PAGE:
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From about 1860 to the end of the eighties, water well drillers were using rotary drilling, flushing the wells with water and discarding the solids-laden fluid in pits on the surface, not reused in the drilling process.   European drillers routinely used hydraulic drilling for water wells but seldom for oil.  Even though American drillers used hydraulics for water wells, they routinely used cable tools for oil drilling. It was reported that hydraulic rotary drilling was successfully used in Baku, Azerbaijan to drill for oil in the 1890s, but I could find no drilling fluid descriptions of there process. It can be assumed they followed the water well drilling process and discarded the fluid.

 
In 1833 a French engineer named Fauvelle was watching a cable tool drilling operation in which the drilling apparatus struck water. He realized that the gushing water was very effective in lifting the cuttings out of the well. Thus, he established the principle of using a moving fluid to remove cuttings from the well bore.  Flauvelle, however, did not put this principle to work until 1845.
 

Beart's Apparatus for Hydraulic Rotary Drilling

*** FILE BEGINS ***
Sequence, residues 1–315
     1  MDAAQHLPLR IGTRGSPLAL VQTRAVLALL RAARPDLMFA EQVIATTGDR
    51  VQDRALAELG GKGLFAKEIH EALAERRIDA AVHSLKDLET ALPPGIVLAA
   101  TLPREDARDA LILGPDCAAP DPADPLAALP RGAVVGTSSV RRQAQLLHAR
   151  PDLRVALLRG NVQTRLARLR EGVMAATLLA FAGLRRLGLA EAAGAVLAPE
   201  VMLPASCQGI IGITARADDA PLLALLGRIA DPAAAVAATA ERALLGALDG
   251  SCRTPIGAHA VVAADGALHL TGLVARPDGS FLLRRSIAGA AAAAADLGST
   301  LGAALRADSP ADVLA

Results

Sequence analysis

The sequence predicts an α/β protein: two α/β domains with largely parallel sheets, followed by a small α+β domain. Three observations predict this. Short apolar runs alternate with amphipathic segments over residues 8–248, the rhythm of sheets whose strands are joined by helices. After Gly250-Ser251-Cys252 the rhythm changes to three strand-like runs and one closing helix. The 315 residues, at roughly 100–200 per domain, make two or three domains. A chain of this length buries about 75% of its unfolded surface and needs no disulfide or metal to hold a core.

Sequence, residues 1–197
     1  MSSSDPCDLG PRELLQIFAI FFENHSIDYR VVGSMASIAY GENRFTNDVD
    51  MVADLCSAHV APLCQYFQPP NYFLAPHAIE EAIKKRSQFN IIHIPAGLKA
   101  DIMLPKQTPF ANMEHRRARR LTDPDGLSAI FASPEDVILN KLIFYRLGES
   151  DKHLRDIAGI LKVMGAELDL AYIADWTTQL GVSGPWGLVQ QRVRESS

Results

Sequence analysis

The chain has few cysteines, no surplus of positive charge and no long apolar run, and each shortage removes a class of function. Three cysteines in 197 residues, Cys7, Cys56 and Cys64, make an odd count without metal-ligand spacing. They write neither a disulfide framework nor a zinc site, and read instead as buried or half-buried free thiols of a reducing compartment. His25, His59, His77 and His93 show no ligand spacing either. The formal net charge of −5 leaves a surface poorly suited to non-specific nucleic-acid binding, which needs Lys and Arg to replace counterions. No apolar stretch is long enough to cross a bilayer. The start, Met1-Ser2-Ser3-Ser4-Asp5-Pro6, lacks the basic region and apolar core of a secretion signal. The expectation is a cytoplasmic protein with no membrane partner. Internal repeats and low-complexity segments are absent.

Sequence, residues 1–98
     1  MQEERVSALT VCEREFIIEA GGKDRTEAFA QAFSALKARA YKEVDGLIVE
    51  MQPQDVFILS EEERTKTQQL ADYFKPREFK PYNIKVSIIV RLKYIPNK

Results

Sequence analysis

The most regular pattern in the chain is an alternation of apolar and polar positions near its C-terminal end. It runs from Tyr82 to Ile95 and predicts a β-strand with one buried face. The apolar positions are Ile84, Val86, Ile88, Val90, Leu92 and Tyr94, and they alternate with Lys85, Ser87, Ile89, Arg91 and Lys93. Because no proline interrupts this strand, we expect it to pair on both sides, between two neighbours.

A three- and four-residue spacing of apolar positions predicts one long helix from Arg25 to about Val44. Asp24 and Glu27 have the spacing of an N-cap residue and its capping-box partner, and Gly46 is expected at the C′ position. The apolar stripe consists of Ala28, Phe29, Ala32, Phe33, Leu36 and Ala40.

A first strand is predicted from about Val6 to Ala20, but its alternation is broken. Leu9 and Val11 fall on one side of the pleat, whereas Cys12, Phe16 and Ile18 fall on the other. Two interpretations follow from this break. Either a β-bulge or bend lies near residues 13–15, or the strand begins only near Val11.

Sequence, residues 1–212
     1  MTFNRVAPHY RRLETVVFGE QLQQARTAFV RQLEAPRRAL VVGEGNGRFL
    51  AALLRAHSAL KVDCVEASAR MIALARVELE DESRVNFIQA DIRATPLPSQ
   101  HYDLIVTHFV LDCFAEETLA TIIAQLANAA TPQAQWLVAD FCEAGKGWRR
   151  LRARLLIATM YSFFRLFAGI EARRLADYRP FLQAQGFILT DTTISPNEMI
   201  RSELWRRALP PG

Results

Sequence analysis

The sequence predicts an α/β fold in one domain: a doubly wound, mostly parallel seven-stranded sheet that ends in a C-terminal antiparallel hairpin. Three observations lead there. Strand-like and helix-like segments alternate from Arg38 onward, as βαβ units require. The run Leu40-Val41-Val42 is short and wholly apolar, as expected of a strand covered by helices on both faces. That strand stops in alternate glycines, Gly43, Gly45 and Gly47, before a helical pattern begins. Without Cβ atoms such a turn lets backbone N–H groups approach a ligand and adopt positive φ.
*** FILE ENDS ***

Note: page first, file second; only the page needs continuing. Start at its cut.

Flauvelle described the rotary hydraulic drilling process in 1833. The first patent of a process using a rotary motion with a circulating fluid, however, was published in 1844 by Robert Beart.  Beart's patent describes an apparatus for "boring in the earth and in stone that the earth or matters cut or moved by the tools employed may be carried away by streams of water."  In Beart's English patent a stream of water passes down the annulus and up the drill pipe, in what we now call reverse circulation.

 

Beart's device removed cuttings by a syphon action, carrying them inside the drill pipe , being discharged into a sump as shown in the diagram.  Brantley describes the process as follows:
 

"As the bit makes hole the fluid from the upper pit (lower left in the diagram) passes down the bore (annulus) and is mixed with the cuttings by the bit.  The fluid with cuttings then pass up the drillpipe through the hydraulic swivel (top left of diagram) into the discharge pipe and down the pipe into the lower, right hand pit.  Th halt the fluid movement the vertical discharge pipe (on the right) and the slopping discharge line coming from the swivel are picked up.  When the discharge outlet is level with or above the fluid level in the left hand pit, the fluid flow stops."  

Brantley states that "reverse circulation has been used for special purposes and under special conditions since the beginning of practical fluid circulating rotary drilling with the diamond drill machines of nearly 100 years ago.

 Even though Beart got the first patent for for a hydraulic rotary drilling apparatus and process, there is no evidence that such a device was ever built and used.  Flauvelle. however, is credited with with actually drilling a well using the hydraulic rotary method.  Flauvelle also stated that his method could be used in either  percussion or rotary drilling.  He drilled his first well using a circulating fluid (water) in 1845.

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